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The other side of the coin in renal replacement therapies: the burden on caregivers

  • Simge Bardak
  • Serap Demir
  • Eda Aslan
  • Kenan Turgutalp
  • Havva Didem Celikcan
  • Murside Esra Dolarslan
  • Cennet Kılıcarslan
  • Filiz Karasu
  • Ayse Jini Gunes
  • Cemal Kurt
  • Ahmet Kıykım
Nephrology - Original Paper
  • 10 Downloads

Abstract

Purpose

Living with end-stage renal disease may be burdensome, not only for patients, but also for caregivers. In this study, we aim to compare caregiver burden, psychological symptoms in caregivers of peritoneal dialysis (PD), hemodialysis (HD), and transplantation (TX), and find out associated factors.

Methods

A total of 43 PD, 42 HD, 42 TX patients and a total of 127 caregivers that were actively involved with the care of their patients’ dialysis were enrolled. Patients had been on renal replacement therapy at least for 6 months and caregivers had given care at least for 6 months. The World Health Organization Quality of Life short version and hospital anxiety and depression scale (HAD) were applied to the patients. Symptom Checklist-90-Revised and Zarit caregiver burden scale were applied to the caregivers.

Results

Zarit caregiver burden score was found highest in HD group, which was significantly higher than PD and TX. All three groups had similar HAD anxiety scores, whereas the HAD depression score was highest in HD group, lower in PD, and lowest in TX. Quality of life was lowest in HD group. Zarit caregiver burden score was found higher in caregivers with symptoms like somatization, anxiety, obsessive–compulsive, depression, interpersonal sensitivity, psychoticism, paranoid ideation, hostility, and additional psychological symptoms than the ones who did not have these symptoms. Psychological symptoms were similar in PD, HD, and TX groups.

Conclusion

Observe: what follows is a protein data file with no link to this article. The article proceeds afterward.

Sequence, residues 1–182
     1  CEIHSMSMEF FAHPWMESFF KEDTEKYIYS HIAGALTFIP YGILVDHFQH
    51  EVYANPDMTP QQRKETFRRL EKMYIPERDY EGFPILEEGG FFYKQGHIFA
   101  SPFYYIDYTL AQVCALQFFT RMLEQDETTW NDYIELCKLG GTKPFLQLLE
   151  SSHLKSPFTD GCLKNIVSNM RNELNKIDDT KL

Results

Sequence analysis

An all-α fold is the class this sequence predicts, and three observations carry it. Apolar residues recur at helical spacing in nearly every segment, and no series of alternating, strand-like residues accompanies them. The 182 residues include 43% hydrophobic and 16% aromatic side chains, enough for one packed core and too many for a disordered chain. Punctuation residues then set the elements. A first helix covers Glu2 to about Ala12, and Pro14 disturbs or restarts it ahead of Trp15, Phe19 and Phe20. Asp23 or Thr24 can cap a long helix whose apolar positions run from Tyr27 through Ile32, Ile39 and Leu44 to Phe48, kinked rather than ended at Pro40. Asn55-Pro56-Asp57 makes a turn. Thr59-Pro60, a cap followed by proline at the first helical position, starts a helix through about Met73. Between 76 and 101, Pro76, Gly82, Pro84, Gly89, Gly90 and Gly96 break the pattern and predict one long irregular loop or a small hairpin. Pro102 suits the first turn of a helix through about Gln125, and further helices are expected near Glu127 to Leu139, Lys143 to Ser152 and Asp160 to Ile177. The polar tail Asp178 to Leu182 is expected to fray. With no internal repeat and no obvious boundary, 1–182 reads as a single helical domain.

Caregiver burden was found highest in HD group. Educational, social, and psychological support interventions may be considered for caregivers.

Keywords

Caregivers Caregiver burden Psychological symptoms Renal replacement therapy 

Notes

Compliance with ethical standards

Conflict of interest

The authors declare that they have no conflict of interest.

Ethical approval

All procedures performed in studies involving human participants were in accordance with the ethical standards of the institutional and/or national research committee and with the 1964 Helsinki Declaration and its later amendments or comparable ethical standards.

Informed consent

Informed consent was obtained from all individual participants included in the study.

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Copyright information

© Springer Nature B.V. 2018

Authors and Affiliations

  • Simge Bardak
    • 1
  • Serap Demir
    • 1
  • Eda Aslan
    • 2
  • Kenan Turgutalp
    • 1
  • Havva Didem Celikcan
    • 3
  • Murside Esra Dolarslan
    • 1
  • Cennet Kılıcarslan
    • 1
  • Filiz Karasu
    • 4
  • Ayse Jini Gunes
    • 4
  • Cemal Kurt
    • 4
  • Ahmet Kıykım
    • 1
  1. 1.Department of Internal Medicine, Division of Nephrology, School of MedicineMersin UniversityMersinTurkey
  2. 2.Department of Psychiatry, School of MedicineMersin UniversityMersinTurkey
  3. 3.Department of Biostatistics and Medical InformaticsMersin UniversityMersinTurkey
  4. 4.Department of Internal Medicine, Division of NephrologyMersin State HospitalMersinTurkey

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